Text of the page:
Investors are concerned over the future of a popular mini-bond scheme as managers failed to meet a second interest payment in just months.
Blackmore Bond was meant to pay out to investors this Friday, January 31, however blamed a “slow property market” for the missed deadline.
Chief executive Patrick McCreesh wrote to bondholders on Wednesday saying that they would have to wait for the payment.
“As we have mentioned previously the delays are due to the slow property market throughout 2019 and we continue to work as hard as we can to complete sales. This however is in the hands of solicitors and we are unable to dictate or influence the speed of their processes,” he wrote in a letter seen by the PA news agency.
The company had already skipped an October coupon payment that shareholders were meant to receive.
Mr McCreesh said the firm has hired a “top-tier independent accountancy practice to support management in its appraisal of the current position and with a view to making a proposal to the bond holders to move matters forward.”
He admitted that many investors have asked for better communication from Blackmore.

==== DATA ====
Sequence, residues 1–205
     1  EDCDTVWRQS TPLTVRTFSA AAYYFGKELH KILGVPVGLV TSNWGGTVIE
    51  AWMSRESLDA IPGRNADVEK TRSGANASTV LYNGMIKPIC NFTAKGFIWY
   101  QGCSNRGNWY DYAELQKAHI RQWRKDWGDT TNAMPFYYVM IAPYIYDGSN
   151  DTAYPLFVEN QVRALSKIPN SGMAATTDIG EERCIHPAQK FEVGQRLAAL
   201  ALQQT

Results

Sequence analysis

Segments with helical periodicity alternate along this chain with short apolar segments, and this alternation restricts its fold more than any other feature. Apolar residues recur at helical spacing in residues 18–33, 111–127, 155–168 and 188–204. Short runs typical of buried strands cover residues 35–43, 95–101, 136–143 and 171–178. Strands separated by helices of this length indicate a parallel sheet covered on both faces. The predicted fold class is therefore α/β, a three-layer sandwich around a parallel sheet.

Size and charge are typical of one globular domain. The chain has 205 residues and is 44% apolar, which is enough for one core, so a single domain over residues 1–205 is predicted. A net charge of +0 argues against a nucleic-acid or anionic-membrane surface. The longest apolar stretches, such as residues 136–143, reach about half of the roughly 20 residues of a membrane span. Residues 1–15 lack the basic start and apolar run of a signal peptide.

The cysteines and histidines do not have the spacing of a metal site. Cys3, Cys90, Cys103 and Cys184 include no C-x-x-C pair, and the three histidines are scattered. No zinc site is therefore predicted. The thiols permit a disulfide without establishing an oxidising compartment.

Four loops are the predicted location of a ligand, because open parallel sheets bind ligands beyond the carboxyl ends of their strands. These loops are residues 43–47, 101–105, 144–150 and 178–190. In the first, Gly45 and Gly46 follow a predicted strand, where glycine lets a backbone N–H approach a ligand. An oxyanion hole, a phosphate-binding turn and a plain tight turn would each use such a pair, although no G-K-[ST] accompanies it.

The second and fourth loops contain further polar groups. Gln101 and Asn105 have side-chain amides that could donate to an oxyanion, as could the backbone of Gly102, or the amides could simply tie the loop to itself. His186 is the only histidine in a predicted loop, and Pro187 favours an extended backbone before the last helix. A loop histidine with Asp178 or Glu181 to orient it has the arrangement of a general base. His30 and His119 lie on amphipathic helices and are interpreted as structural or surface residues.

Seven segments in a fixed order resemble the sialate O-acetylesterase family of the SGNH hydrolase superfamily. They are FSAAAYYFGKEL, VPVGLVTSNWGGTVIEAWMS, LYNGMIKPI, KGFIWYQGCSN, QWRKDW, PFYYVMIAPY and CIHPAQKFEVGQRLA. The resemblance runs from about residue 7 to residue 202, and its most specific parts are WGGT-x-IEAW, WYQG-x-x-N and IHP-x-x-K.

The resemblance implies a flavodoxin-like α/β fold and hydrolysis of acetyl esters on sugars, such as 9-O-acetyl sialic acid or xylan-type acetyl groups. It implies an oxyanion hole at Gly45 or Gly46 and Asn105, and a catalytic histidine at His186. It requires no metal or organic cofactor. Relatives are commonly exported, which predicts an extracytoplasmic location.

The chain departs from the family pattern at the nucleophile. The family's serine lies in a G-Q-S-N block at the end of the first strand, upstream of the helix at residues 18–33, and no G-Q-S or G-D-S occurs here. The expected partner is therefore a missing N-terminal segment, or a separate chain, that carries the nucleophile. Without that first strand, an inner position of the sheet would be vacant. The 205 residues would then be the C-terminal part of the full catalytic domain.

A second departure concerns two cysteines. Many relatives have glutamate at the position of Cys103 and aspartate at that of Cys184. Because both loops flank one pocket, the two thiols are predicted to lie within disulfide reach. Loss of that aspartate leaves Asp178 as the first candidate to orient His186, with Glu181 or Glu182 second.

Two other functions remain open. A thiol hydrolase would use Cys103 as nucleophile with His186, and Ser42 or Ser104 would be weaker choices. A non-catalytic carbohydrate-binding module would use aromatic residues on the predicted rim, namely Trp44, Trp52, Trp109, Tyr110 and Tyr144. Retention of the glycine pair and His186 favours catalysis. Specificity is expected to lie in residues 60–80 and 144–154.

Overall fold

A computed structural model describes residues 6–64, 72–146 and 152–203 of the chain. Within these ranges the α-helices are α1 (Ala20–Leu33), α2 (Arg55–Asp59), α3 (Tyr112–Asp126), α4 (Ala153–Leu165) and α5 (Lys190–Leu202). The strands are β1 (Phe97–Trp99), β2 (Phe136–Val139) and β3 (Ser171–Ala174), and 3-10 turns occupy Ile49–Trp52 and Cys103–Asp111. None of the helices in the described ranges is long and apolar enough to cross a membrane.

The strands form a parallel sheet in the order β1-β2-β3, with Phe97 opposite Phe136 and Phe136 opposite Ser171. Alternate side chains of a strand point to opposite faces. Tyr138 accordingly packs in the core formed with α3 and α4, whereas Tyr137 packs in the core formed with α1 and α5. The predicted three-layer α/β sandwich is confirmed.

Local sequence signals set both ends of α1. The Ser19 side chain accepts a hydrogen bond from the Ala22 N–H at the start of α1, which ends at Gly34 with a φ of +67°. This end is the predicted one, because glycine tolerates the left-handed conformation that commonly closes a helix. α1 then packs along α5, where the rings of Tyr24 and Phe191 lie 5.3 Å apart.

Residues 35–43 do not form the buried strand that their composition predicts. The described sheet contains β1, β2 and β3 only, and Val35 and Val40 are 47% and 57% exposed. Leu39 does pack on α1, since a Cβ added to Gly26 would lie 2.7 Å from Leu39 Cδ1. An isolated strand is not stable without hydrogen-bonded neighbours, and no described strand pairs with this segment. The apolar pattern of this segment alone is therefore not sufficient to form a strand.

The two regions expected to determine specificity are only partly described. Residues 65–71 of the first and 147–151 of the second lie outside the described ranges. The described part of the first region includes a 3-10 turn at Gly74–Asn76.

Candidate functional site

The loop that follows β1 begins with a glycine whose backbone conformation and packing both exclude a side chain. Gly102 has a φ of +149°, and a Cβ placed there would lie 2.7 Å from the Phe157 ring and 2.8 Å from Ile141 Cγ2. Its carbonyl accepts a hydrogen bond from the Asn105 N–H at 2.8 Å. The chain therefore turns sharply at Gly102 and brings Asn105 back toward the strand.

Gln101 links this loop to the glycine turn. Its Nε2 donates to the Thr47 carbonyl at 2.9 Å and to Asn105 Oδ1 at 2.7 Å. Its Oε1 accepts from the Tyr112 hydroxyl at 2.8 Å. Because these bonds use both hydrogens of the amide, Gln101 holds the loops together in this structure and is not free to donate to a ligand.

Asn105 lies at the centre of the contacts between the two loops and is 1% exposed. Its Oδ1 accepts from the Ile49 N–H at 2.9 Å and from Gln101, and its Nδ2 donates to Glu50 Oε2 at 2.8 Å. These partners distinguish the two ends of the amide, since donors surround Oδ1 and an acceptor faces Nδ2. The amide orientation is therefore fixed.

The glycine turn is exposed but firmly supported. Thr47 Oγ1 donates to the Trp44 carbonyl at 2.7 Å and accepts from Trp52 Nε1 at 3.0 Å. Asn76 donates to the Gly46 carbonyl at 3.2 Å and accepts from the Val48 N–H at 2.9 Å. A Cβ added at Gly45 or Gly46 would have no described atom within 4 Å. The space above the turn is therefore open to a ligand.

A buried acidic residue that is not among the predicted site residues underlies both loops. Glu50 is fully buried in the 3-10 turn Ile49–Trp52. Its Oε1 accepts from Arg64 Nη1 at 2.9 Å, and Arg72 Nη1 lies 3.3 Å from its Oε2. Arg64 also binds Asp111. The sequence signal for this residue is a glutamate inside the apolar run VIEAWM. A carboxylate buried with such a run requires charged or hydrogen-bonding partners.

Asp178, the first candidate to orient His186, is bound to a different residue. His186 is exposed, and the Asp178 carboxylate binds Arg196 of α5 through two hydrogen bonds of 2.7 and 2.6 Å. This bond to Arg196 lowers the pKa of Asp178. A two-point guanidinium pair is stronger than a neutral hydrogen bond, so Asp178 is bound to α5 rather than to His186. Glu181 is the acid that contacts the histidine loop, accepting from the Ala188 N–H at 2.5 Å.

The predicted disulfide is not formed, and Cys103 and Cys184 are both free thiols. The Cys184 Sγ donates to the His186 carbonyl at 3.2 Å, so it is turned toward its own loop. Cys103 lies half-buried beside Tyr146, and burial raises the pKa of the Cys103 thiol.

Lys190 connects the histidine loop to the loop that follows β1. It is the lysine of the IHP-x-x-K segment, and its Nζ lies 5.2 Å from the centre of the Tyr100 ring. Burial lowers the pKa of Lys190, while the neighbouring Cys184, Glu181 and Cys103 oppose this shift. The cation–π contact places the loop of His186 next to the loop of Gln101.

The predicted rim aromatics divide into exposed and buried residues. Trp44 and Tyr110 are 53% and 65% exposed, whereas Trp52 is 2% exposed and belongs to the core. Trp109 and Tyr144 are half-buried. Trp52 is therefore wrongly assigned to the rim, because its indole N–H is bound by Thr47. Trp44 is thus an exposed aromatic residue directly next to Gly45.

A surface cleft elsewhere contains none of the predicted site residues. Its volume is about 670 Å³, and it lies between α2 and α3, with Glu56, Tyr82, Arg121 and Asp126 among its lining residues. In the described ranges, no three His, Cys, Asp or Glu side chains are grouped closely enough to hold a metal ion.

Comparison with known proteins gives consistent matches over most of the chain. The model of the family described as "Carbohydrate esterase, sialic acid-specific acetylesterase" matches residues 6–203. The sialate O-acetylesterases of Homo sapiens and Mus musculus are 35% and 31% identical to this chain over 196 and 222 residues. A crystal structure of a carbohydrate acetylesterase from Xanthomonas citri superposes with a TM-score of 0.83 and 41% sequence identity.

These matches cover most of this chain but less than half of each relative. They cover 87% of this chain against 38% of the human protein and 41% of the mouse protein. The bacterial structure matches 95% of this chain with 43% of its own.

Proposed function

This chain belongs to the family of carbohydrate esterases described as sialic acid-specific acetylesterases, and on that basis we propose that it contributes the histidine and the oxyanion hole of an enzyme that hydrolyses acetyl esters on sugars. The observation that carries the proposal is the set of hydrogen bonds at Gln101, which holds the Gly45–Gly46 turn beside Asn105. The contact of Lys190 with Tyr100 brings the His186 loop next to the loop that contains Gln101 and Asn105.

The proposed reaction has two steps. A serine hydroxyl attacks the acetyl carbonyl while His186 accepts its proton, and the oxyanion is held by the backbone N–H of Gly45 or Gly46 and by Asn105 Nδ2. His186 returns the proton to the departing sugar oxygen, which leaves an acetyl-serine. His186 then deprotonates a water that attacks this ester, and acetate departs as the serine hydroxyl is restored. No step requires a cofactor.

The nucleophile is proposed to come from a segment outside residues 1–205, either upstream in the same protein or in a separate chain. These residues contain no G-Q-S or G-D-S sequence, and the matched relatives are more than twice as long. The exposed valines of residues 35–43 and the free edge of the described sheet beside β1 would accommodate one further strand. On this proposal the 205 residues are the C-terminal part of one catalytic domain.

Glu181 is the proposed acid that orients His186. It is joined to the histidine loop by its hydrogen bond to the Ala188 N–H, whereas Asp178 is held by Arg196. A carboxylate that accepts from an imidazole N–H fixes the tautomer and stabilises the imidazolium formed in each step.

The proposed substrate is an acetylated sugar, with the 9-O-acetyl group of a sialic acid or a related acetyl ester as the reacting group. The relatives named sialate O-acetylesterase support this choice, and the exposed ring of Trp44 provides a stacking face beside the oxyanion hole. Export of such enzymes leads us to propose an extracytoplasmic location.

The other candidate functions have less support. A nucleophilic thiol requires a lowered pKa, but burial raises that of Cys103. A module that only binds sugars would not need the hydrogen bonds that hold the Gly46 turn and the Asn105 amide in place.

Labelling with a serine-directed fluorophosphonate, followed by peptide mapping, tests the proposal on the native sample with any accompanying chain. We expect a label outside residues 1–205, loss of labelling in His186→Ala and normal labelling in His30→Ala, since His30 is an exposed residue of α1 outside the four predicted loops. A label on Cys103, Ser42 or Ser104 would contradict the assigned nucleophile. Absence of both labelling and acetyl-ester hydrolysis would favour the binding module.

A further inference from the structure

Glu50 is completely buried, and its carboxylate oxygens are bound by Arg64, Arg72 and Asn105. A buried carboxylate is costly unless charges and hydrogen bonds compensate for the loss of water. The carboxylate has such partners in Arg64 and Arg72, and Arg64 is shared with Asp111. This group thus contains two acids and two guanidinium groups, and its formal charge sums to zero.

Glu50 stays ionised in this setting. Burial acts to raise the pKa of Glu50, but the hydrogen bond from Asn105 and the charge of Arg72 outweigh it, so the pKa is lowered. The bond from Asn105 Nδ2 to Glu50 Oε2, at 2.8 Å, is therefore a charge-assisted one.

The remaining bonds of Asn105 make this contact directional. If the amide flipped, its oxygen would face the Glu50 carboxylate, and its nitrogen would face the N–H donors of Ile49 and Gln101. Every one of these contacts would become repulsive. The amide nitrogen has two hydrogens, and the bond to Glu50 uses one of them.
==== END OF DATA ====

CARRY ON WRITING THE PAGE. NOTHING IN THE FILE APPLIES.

Based in Manchester, the fund invests in property developments across the UK.
It had originally promised to hand out the missed October payment at the end of December, but that deadline came and went.
On Wednesday, Mr McCreesh told bondholders that “Blackmore Bond plc will not meet the overdue October coupon payment due to you today, and will not meet the January 31 payment on time”.
He promised to bring the October coupon up to date in the coming weeks as soon as it has received funds.
The world of mini-bonds was thrown into the spotlight a year ago when the collapse of London Capital and Finance left £237 million of bondholders’ money in limbo.
The PA news agency understands that several investors in London Capital and Finance have also put money into Blackmore Bond.
Earlier this week investment giant M&G said that it would extend the suspension of its £2.5 billion property fund.
Management first blocked investors from taking out their cash in December after too many asked for their investment back.